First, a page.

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Polk, Apple intro iTunes Tagging on HD Radio

updated 03:20 pm EDT, Thu September 6, 2007

Polk iSonic and iTunes Tag

Polk Audio today introduced the i-Sonic ES2, the second generation of its hybrid digital radio and iPod dock. The new device introduces a new feature in collaboration with Apple known as iTunes Tagging. Songs properly marked on HD Radio stations can be tagged by the radio and have the information sent to a docked iPod; when the iPod returns to its home Mac or PC, the tags create an automatic iTunes playlist with links to buy the songs directly from the iTunes Store. This gives audiophiles a new way to find new music and enjoy it immediately, Polk says.

No mention was made of which iPods would explicitly support the new feature, or whether iTunes Tagging would allow the iPod touch to flag and buy the songs itself through the upcoming iTunes Wi-Fi Music Store. Apple itself has not formally announced the tagging feature.

In line with the earlier i-Sonic, the device emphasizes sound quality with speakers that output audio in 360 degrees and with porting that enhances bass response. The dock will pipe video on fifth-generation iPods or newer through RCA and S-video connections and includes its own dual alarm clock that wakes up users to the radio or an iPod's songs. Headphone and auxiliary input connections are onboard the ES2, which should ship in October for $499.

by MacNN Staff





  1. petsounds

    Joined: Dec 1969


    i want real tagging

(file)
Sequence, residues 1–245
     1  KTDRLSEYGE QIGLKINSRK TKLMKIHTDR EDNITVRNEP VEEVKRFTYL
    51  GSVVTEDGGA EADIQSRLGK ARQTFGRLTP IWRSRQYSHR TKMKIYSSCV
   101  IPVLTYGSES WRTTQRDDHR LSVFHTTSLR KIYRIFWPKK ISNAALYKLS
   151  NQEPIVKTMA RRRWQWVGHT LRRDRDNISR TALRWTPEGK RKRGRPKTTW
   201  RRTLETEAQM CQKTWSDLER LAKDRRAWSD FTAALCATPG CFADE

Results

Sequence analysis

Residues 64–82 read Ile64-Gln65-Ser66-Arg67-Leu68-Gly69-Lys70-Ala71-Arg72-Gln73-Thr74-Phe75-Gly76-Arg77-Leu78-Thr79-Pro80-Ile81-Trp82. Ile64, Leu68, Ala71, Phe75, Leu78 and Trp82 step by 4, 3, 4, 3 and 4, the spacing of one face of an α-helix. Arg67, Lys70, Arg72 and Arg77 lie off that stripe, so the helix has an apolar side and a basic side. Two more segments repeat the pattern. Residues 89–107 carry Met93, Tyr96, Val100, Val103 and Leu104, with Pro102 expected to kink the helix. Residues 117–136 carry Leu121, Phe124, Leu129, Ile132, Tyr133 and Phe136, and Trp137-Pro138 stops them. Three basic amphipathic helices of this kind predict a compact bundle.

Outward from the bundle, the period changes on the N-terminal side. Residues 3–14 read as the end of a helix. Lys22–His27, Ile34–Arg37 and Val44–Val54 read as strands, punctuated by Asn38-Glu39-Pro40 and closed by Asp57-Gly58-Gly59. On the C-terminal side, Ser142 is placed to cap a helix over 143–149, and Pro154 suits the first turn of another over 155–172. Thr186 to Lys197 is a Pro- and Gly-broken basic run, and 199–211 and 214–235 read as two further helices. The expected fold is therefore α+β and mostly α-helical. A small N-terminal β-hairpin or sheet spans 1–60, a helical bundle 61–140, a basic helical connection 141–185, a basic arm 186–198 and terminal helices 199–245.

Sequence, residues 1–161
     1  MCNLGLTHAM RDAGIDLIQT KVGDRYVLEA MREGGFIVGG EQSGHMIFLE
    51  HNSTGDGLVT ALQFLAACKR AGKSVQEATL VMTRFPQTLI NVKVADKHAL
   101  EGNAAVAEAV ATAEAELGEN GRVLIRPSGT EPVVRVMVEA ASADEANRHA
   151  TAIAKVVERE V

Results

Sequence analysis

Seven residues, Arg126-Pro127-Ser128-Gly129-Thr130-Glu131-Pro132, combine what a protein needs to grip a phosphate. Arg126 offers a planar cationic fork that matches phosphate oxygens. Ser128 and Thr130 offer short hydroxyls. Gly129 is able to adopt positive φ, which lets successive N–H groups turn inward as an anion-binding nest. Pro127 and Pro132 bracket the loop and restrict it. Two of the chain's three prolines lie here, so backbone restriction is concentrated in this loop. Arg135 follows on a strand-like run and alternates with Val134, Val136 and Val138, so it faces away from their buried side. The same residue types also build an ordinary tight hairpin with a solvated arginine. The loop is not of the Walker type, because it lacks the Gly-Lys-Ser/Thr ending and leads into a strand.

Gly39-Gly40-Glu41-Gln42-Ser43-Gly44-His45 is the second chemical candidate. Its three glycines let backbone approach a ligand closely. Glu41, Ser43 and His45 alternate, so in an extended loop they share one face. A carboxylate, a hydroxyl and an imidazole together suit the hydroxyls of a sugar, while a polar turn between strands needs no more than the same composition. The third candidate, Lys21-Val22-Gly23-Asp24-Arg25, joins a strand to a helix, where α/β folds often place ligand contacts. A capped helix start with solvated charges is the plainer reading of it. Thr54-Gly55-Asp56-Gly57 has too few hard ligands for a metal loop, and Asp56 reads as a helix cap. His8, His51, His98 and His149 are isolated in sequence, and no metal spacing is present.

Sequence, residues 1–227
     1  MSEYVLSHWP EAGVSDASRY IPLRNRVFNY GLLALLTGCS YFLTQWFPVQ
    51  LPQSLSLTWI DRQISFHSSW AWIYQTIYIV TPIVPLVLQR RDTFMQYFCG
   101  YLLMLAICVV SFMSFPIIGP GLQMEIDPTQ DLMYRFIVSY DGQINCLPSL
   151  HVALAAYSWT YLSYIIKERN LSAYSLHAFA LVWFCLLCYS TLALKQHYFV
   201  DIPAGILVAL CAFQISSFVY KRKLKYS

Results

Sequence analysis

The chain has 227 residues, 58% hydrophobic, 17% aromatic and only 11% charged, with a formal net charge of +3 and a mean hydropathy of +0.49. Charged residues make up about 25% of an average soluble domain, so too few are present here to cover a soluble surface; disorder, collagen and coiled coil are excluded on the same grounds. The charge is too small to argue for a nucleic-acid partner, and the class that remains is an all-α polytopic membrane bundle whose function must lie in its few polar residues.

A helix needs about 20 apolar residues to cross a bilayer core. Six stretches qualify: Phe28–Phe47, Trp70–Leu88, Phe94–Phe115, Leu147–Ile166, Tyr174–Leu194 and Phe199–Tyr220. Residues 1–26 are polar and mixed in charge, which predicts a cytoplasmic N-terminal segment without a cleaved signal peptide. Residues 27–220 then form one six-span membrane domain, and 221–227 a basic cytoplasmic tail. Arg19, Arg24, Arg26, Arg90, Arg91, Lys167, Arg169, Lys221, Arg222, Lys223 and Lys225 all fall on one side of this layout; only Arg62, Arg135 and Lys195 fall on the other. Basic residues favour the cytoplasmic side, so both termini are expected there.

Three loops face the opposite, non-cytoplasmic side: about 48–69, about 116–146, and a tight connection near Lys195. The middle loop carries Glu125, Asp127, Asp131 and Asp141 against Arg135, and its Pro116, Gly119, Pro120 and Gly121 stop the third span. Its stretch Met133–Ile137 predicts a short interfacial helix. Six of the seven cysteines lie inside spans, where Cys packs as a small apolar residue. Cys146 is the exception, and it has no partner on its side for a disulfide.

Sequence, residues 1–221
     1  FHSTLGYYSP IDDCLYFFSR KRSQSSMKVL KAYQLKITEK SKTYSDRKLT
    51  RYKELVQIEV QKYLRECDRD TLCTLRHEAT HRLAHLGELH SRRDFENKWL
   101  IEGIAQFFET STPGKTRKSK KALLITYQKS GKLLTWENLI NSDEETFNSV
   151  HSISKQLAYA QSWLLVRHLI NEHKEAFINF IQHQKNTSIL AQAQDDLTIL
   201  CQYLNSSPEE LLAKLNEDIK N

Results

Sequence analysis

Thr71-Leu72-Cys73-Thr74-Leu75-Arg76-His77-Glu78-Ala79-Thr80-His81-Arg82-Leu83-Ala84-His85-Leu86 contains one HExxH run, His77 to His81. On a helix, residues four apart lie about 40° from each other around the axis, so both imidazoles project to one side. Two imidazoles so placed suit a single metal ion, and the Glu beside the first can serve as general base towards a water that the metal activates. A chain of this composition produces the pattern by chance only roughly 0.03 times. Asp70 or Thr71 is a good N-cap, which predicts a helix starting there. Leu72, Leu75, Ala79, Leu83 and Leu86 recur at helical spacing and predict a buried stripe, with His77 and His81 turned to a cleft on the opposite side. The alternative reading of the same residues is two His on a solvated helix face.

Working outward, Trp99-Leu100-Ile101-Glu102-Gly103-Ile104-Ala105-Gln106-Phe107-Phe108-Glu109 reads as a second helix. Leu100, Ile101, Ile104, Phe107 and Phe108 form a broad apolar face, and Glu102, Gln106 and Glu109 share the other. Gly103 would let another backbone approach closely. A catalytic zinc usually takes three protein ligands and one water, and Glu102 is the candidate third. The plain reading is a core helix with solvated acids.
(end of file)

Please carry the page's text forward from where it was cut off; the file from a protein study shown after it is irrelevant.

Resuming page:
iTunes is showing its age. I want tagging within iTunes on my songs, so that I can create more dynamic and granular filters. If iPhoto has it (albeit a poor implementation), why doesn't iTunes?

  1. testudo

    Joined: Dec 1969


    Re: Tagging

    I use the Grouping area to tag my music with keywords, then just make smart playlists to search for that. Nice and easy, and it let's me catalog better organize my albums from singles, live albums, greatest hit compilations, holiday music, etc.

  1. testudo

    Joined: Dec 1969


    But, really

    This gives audiophiles a new way to find new music and enjoy it immediately, Polk says.

    I'm sorry, but since when do 'audiophiles' buy lossy-compressed music from the iTMS?

  1. notehead

    Joined: Dec 1969


    testudo's right

    It's all a marketing game. Very few people can easily discern the difference between a well-made AAC file and the original, and even fewer find the difference to be significant enough that they would refuse to use AAC or mp3 files at all. But it's ridiculous to claim that any device can produce "audiophile" quality from such files, unless they are using the word in a more generic (read: bullsh|t) sense to simply mean "someone who loves music".

  1. Guest

    Joined: Dec 1969


    tagging on FM radio

    The online music service already have this service for most popular US based FM radio stations (no HD), you just need to send a text message with the station frequency, not as easily as pressing a button but still can be useful, more details here:

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